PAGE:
Re: A few questions about RowReduce - bis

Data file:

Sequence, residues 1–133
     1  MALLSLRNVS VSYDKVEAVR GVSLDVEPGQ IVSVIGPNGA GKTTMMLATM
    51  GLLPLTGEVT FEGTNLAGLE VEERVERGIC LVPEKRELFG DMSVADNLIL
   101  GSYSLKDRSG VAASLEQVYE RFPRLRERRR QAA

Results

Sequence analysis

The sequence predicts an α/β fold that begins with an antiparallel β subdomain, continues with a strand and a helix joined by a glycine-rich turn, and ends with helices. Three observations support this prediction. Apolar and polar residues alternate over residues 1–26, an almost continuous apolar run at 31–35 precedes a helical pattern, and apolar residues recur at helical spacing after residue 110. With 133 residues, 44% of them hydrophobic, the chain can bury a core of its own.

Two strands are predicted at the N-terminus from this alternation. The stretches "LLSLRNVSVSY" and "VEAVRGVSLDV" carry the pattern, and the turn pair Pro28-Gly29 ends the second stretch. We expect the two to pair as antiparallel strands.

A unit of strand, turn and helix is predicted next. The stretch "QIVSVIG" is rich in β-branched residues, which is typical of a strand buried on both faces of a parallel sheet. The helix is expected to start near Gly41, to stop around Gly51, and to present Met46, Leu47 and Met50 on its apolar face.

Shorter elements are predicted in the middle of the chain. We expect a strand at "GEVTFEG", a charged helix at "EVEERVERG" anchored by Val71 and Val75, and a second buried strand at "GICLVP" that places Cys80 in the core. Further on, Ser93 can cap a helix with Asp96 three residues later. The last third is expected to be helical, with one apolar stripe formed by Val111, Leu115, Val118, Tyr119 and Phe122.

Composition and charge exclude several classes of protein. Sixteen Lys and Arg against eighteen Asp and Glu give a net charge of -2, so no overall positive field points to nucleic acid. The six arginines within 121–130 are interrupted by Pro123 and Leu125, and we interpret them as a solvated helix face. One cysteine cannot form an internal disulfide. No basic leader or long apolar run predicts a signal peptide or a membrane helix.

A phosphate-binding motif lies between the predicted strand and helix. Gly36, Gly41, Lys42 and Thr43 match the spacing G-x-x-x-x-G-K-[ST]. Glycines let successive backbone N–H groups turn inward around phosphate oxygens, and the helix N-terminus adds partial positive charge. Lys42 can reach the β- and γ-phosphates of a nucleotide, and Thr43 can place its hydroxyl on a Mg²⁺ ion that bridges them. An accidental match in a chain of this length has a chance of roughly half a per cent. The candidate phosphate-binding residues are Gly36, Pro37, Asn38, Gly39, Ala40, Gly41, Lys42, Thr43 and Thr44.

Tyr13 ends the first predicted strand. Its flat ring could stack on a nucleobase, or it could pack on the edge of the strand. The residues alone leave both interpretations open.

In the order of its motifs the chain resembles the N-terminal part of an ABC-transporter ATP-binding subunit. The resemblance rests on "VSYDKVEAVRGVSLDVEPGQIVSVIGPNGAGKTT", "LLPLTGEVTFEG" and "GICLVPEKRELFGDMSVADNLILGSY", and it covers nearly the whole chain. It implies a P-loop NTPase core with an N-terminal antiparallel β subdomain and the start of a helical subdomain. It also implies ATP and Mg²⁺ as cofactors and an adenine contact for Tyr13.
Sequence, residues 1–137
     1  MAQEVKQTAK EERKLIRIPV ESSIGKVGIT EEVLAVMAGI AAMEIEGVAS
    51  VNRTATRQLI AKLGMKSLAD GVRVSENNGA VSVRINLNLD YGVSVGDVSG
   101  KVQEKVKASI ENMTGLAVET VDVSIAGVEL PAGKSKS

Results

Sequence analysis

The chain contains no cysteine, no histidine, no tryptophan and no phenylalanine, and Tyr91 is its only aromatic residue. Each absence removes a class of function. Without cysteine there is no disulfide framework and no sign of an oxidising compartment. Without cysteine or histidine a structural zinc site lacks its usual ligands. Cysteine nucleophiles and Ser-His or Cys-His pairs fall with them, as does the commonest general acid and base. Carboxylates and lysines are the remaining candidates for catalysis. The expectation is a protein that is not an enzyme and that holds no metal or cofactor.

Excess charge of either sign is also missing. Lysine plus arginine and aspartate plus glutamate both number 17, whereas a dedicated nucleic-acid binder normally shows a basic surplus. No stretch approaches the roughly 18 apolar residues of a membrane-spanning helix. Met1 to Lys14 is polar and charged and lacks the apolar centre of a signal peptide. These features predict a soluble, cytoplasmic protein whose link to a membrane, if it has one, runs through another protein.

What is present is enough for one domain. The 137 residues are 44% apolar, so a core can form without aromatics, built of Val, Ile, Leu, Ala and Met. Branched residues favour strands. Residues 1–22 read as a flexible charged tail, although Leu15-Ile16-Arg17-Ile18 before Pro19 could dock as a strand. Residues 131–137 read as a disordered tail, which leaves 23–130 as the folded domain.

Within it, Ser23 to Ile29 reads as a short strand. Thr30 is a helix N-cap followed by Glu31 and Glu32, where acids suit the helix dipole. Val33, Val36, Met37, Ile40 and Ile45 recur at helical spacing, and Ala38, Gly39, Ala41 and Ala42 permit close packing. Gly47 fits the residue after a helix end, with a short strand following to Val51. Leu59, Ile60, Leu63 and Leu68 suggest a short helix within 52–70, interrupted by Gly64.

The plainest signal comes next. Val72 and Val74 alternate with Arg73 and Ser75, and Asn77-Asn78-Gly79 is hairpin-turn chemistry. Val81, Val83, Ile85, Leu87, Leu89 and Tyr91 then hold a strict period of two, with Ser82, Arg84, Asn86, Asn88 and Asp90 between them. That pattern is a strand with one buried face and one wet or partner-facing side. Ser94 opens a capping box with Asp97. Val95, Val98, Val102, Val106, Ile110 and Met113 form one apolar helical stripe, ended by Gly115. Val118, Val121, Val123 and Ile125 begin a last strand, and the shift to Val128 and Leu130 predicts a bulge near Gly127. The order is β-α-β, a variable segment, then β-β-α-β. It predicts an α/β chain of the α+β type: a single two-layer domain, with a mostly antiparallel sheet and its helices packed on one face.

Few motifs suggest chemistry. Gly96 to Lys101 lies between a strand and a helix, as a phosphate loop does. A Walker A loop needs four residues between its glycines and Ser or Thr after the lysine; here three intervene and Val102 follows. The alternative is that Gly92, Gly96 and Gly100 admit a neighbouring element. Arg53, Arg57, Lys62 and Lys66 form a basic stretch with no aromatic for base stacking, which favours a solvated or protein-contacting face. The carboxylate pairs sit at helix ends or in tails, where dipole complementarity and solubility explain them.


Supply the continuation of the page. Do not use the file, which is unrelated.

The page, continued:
*To*: mathgroup at smc.vnet.net*Subject*: [mg24256] Re: [mg24074] A few questions about RowReduce - bis*From*: Murray Eisenberg <murray at math.umass.edu>*Date*: Wed, 5 Jul 2000 23:10:37 -0400 (EDT)*Organization*: Mathematics & Statistics, Univ. of Mass./Amherst*References*: <8j9dsq$51v@smc.vnet.net>*Sender*: owner-wri-mathgroup at wolfram.com